photo: Keith Pattison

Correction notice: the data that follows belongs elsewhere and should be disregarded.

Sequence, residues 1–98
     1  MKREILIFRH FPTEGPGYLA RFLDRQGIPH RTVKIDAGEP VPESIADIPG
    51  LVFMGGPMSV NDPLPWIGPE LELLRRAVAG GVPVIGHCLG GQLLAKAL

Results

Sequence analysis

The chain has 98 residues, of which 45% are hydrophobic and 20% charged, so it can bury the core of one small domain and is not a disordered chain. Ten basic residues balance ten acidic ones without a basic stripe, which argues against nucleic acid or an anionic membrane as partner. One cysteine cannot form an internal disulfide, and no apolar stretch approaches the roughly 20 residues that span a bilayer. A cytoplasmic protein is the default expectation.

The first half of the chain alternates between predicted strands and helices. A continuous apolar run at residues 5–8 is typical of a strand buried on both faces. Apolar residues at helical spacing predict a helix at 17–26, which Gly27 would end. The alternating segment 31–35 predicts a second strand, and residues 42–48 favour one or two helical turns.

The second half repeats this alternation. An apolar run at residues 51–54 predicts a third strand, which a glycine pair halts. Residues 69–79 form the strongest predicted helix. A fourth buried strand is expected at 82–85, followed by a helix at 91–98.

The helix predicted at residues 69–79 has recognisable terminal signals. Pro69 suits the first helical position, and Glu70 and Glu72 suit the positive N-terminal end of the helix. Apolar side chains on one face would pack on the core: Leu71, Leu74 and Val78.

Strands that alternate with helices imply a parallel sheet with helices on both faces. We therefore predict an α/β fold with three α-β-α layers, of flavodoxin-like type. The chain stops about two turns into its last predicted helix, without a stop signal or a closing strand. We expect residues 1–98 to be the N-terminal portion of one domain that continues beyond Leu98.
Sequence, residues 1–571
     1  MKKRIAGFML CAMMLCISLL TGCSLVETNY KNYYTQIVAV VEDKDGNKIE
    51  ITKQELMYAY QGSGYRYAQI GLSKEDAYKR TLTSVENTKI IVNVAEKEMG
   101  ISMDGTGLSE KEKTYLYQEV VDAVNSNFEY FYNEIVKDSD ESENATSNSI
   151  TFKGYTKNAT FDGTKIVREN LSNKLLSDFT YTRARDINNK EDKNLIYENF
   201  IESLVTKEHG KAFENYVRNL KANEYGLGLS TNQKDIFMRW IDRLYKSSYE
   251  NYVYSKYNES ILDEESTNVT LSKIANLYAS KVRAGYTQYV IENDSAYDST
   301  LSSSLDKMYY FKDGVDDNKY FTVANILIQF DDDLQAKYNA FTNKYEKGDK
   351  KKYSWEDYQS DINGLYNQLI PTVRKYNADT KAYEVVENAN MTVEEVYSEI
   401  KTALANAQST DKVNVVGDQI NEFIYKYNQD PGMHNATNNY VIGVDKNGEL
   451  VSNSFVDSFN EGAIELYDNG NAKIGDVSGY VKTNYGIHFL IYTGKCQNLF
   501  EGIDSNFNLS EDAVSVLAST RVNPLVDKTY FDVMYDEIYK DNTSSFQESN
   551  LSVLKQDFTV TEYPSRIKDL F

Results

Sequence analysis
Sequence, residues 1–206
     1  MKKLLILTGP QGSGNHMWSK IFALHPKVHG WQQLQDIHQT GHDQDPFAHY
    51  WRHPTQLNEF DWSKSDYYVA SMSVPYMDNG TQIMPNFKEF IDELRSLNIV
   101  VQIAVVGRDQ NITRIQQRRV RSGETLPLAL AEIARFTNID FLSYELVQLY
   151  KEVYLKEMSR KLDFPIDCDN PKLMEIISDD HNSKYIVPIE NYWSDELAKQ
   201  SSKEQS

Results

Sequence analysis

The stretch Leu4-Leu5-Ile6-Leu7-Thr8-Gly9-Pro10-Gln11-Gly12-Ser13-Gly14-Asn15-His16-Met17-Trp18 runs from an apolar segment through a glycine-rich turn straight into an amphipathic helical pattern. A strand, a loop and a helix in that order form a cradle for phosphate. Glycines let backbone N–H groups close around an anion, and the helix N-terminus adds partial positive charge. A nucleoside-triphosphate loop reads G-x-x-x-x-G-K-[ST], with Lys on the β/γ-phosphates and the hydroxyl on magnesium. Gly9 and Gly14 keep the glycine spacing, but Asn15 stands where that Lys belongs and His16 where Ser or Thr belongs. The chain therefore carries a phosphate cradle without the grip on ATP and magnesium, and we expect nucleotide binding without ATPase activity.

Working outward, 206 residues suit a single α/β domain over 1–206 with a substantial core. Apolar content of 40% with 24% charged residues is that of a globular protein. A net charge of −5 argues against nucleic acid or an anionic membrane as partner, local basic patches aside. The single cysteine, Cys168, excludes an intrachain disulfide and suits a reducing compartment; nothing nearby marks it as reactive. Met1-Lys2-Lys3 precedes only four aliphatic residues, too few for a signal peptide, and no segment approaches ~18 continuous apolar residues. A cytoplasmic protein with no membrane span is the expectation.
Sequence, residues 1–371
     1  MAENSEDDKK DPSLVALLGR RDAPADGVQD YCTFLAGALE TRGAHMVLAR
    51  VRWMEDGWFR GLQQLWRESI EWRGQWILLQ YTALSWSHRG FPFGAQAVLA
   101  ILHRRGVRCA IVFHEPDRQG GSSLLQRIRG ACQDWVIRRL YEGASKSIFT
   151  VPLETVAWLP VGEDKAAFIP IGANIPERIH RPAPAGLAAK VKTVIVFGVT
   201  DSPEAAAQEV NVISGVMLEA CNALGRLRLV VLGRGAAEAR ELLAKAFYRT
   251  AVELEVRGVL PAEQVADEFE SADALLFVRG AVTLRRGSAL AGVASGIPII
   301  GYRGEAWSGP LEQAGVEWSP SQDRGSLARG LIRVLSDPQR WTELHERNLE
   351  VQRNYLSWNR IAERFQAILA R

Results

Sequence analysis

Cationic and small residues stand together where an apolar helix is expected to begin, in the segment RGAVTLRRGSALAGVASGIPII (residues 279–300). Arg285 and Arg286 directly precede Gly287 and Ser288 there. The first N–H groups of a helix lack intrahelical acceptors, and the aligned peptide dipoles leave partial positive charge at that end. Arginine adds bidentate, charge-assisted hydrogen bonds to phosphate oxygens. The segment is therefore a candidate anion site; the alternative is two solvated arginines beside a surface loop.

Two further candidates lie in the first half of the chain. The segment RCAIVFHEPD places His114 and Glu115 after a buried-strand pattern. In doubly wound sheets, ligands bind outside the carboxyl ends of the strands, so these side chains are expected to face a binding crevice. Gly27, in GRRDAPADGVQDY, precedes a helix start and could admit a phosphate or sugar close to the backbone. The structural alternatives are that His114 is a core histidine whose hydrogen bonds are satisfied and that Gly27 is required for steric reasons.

With only half a month left in the year I thought it was safe last week to finalize a list of the best shows I saw in 2008. Then came this superbly realized, thrillingly acted Druid Theatre production of one of Martin McDonagh's earlier plays and said list is obsolete. To those who saw this play a decade ago at the Public, with a mostly American cast misdirected by Jerry Zaks: expect a revelation. Here, as helmed by Gary Hynes, McDonagh's ironic, often bitter comedy plays out with an ensemble whose flawless performances succeed at credibly depicting a community. It's 1934, on the Irish isle of Inishmaan where Billy, a young adult cripple, yearns to escape to the neighboring isle where a Hollywood film is being shot and locals are being cast as extras. The narrative is solid but it's less important than what McDonagh uses it for - the play is a dark comedy about Irish values that finds perverse humor in the everyday cruelties of its characters. The play's funniest line may be one delivered by the town gossip, who lives with his mother and makes no secret of his plan to get her to drink herself to death: "We Irish are the friendliest people in the world".